Linux Faces Major Revisions for Mobile, Consumer Devices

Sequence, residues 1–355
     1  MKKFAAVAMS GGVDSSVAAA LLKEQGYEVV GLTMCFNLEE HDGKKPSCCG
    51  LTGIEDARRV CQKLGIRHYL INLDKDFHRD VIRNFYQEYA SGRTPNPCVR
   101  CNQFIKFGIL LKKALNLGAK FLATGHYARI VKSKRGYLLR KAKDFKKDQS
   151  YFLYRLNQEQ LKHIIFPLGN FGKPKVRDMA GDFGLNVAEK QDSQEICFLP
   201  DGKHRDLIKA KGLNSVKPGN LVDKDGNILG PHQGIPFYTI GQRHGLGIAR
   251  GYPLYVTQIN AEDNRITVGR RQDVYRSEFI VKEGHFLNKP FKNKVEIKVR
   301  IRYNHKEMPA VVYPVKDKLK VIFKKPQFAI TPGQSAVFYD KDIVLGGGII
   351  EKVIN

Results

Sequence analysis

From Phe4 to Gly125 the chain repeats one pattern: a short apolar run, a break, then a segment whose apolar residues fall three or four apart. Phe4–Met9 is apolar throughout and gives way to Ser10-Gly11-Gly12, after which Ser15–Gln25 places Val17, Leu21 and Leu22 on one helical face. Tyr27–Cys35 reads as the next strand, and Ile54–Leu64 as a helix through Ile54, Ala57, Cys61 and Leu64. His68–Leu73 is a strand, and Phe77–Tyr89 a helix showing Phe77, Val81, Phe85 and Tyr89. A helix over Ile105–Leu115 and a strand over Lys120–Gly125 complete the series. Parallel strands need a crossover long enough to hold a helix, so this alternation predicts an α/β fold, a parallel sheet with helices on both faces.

title=Linux Moving Away from Old X Window Interface} Even though Unix- and Linux-based systems have been using the X Window interface as its base system since the mid-80s, there have been many complaints, such as it being too complicated, too slow, and too cluttered. Android and Mac OS X are the notable exception as operating systems that don't use X Windows at all. Along with Canonical, Red Hat's Fedora community has also announced plans to move to the Wayland graphics stack. Ubuntu's next version, Natty Narwhal, with the new interface is not expected till April and Fedora expects to release Fedora 15 with the new version in May. The LibreOffice application suite made a lot of waves since it announced its breakaway from the Oracle-controlled Open Office last fall. Since then, it's been fairly quiet, as it works on maintaining and improving the office productivity suite. Oracle has gone ahead with its plans with OpenOffice, by rebranding and launching professional versions for the desktop and the cloud.As a fork, LibreOffice has to prove that it will be viable for the long term and not just fade away. As it signed up a lot of backers from the start, such as Google, Canonical, and Red Hat, there is some expectation that it will continue to offer a robust alternative to both Microsoft Office and Oracle's suite. However, for LibreOffice to remain relevant, the development community needs to update the package to compete with the features found in more recent versions of Microsoft Office-and not remain stuck on Office 97 compatibility.Linux will continue becoming more mainstream as manufacturers start providing open source drivers. While there are plenty of open source drivers available for most the latest devices, the "hunt for drivers" game is still a headache. Broadcom recently came out with an open source wireless driver and AMD announced Linux drivers for the Ontario Fusion chip. With more hardware manufacturers planning for and developing open source drivers for their latest products, for both desktops and mobile devices, more and more companies start collaborating on Linux-based partnerships, such as Intel and Nokia on Meego. The low-power ARM processors will drive more mobile devices running Linux and other Linux-based systems. Mobile devices are expected to outpace PC sales, which feeds into ARM's strengths. As Linux continues to exhibit power-friendly capabilities, like the ones Red Hat introduced into the Linux kernel with Red Hat Enterprise Linux 6, it's likely that ARMs and other low-power chips will become more popular for PCs and servers, as well. With the operating system being able to take on heavier loads with less horsepower, low-power servers may become more commonplace in the data center.